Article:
We are identified by skin color from the moment we are born. Brown, Black, Yellow, White…but that is not all there is. Just underneath our skin color lies our skin undertone. Knowing your undertone is crucial for finding the right shades to complement your complexion. And by selecting the right shades your makeup will look natural, and not like you are wearing a mask.
I am a girl who loves makeup! Before joining the Vapour team everything I had learned about makeup consisted of what I had picked up from the older girls in high school. Looking back at school photos I looked like I was wearing a mask of makeup. Over the years, through trial and error, or well-intended comments from my mom, like “Honey your face doesn’t match your neck!” I changed my foundation shade—many, many times. I mean seriously, I recently moved and found at least ten old bottles of foundation in different shades from various brands, and not one of them matched my skin!
So how does one pick the right shade of foundation?
“What’s your undertone? Are you warm, cool, or neutral?” my teammates asked me on my first day at Vapour. “I have no idea, and what difference does it make?” I thought to myself. Thankfully one of the Vapour girls picked a foundation shade for me and we quickly moved on. (There is a lot to cover as a new member of the Vapour team.)
I learned so much in my first few months at Vapour, but the subject of skin undertone was still eluding me, and I secretly hoped that I was not the only newbie struggling with the concept. So when I was asked to choose a topic and facilitate one of our staff meetings, the first thing that came to mind was skin undertone. I hoped discussing it with the other girls would help shed some light on the concept.
Undertone relates to color theory, which examines how different colors mix and whether they appear warm, cool or neutral. Reds, oranges and yellows tend to be warm colors. Greens, blues and violets tend to be cool colors. But the way undertones influence our skin color can be confusing because most of us show mixes of warm and cool undertones. Neutral undertones show an even ratio of warm to cool coloring, and are often seen in the variety of pinkish hues.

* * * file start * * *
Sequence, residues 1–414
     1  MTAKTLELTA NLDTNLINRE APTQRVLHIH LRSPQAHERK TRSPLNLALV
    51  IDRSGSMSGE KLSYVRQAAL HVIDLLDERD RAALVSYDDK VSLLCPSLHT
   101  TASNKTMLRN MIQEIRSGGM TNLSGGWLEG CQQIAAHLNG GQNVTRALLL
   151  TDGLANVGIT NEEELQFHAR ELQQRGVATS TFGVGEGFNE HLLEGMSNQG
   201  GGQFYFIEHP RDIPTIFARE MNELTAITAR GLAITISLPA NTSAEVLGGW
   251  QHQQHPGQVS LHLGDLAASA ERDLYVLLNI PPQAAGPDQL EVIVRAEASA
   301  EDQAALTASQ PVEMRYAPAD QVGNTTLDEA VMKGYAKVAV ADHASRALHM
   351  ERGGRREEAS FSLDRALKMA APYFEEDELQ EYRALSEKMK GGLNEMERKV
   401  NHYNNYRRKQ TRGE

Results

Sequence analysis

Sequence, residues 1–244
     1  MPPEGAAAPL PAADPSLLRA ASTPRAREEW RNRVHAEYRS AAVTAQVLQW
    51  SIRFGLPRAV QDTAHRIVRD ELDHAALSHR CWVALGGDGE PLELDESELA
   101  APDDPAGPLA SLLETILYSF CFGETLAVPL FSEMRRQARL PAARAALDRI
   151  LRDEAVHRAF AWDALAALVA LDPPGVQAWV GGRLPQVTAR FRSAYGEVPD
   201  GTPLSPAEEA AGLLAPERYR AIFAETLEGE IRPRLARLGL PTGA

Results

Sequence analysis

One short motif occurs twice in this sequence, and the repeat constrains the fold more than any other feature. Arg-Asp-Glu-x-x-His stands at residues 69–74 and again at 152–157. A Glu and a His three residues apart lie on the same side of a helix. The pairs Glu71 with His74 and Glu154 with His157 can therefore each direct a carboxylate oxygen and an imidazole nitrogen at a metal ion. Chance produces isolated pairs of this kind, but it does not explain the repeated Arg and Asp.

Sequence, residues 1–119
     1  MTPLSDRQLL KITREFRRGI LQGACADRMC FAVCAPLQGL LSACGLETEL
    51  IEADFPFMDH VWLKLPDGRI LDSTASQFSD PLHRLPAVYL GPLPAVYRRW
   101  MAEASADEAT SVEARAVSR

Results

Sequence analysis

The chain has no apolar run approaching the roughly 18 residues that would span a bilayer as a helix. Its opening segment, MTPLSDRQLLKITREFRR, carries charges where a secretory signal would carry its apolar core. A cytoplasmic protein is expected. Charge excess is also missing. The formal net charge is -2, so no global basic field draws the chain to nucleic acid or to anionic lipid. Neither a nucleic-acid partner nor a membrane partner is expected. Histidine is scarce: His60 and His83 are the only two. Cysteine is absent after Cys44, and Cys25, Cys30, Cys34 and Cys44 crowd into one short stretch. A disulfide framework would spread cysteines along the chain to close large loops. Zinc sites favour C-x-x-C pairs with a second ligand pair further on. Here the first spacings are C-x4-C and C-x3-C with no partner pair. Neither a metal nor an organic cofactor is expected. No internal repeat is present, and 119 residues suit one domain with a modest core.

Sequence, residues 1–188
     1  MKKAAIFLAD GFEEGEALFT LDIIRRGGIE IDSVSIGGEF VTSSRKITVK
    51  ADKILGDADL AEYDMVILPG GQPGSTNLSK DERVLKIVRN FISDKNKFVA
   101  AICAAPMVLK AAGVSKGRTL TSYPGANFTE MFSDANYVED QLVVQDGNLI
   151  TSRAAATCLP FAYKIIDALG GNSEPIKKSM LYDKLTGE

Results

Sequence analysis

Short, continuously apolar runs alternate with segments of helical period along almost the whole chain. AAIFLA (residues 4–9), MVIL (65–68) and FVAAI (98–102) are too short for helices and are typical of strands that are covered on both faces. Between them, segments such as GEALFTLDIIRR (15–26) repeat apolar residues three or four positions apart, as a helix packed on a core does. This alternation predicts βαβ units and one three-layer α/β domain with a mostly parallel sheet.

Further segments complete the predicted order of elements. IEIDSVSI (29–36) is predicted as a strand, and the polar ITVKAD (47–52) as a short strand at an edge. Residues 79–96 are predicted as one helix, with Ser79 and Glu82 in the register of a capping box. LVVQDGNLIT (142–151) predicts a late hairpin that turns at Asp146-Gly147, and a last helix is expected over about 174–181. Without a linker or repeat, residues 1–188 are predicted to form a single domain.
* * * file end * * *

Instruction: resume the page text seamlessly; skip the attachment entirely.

In preparing for the staff meeting I learned several techniques for determining skin undertone, which mainly involve comparing the skin to something specifically warm, cool or purely neutral color-wise. Each technique will not work for everyone—they certainly didn’t for me—but I include them all as a resource with the hope that one or more of them will help you determine your undertone.
Here is what I learned:
Vein, Hair, and Eye Color
One common way of determining your skin undertone is by looking at the veins on the underside of your forearm in natural sunlight. If they look bluish, your skin tone skews cool, and if they look more green or yellow then you skew warm. If they are a mix, or you can't really tell, then you probably have a neutral skin tone.
Looking at your natural eye and hair colors can also help you figure out your coloring. Typically, cool people have eyes that are blue, gray, or green and have blond, brown, or black hair with blue, silver, violet and ash undertones. By contrast, warm people usually have amber, hazel, brown, or black eyes with strawberry blond, red, brown, or black hair. Their hair tends to have gold, red, orange, or yellow undertones.
You can also try using jewelry to see whether your skin is warm, cool, or neutral. Silver, white gold, and platinum accentuate cool undertones, while yellow gold accentuates warm undertones. The metal that works with your undertones will complement your skin and make you look fresh. If you look equally good with both, then you have a neutral skin tone.
A third way of determining skin undertones is to pull your hair back and put a white cloth like a towel or T-shirt around your neck and shoulders. The white fabric will draw out a subtle cast of color in your face. Blue or pink indicate cool undertones, while yellow and peach indicate warm undertones. Neutral undertones tend to look greenish next to the white cloth.
Peek Behind Your Ear
Have someone pull your ear forward and look behind your ear in natural light. The behind-the-ear skin is pure in tone and a yellowish or pinkish hue should be identifiable within the color of your skin. If your helper sees a yellow hue, then you have a warm skin tone. A pinkish hue signifies a cool tone.
I am happy to say that the staff meeting went well, and I was not the only newbie or knowledgeable Vapour girl that had been struggling with really “knowing” her skin undertone. We passed around gold and silver jewelry, white copy paper, some fabric swatches and a hand mirror. The combination of all the different techniques helped bring it all together for me. I now can say with confidence that I have neutral undertones, and my perfect Vapour Atmosphere foundation shade is 123. I am thrilled to say I no longer look like I am wearing a mask, and my mom agrees my face matches my neck!